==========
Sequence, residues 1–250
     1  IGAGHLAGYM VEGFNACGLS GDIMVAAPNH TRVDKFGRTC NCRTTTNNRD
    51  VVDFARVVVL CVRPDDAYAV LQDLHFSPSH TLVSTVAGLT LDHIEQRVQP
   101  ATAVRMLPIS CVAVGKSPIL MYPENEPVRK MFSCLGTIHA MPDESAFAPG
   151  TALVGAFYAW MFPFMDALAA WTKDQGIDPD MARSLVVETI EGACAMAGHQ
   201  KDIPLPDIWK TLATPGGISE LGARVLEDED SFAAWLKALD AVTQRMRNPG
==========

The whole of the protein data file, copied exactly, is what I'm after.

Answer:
Sequence, residues 1–250
     1  IGAGHLAGYM VEGFNACGLS GDIMVAAPNH TRVDKFGRTC NCRTTTNNRD
    51  VVDFARVVVL CVRPDDAYAV LQDLHFSPSH TLVSTVAGLT LDHIEQRVQP
   101  ATAVRMLPIS CVAVGKSPIL MYPENEPVRK MFSCLGTIHA MPDESAFAPG
   151  TALVGAFYAW MFPFMDALAA WTKDQGIDPD MARSLVVETI EGACAMAGHQ
   201  KDIPLPDIWK TLATPGGISE LGARVLEDED SFAAWLKALD AVTQRMRNPG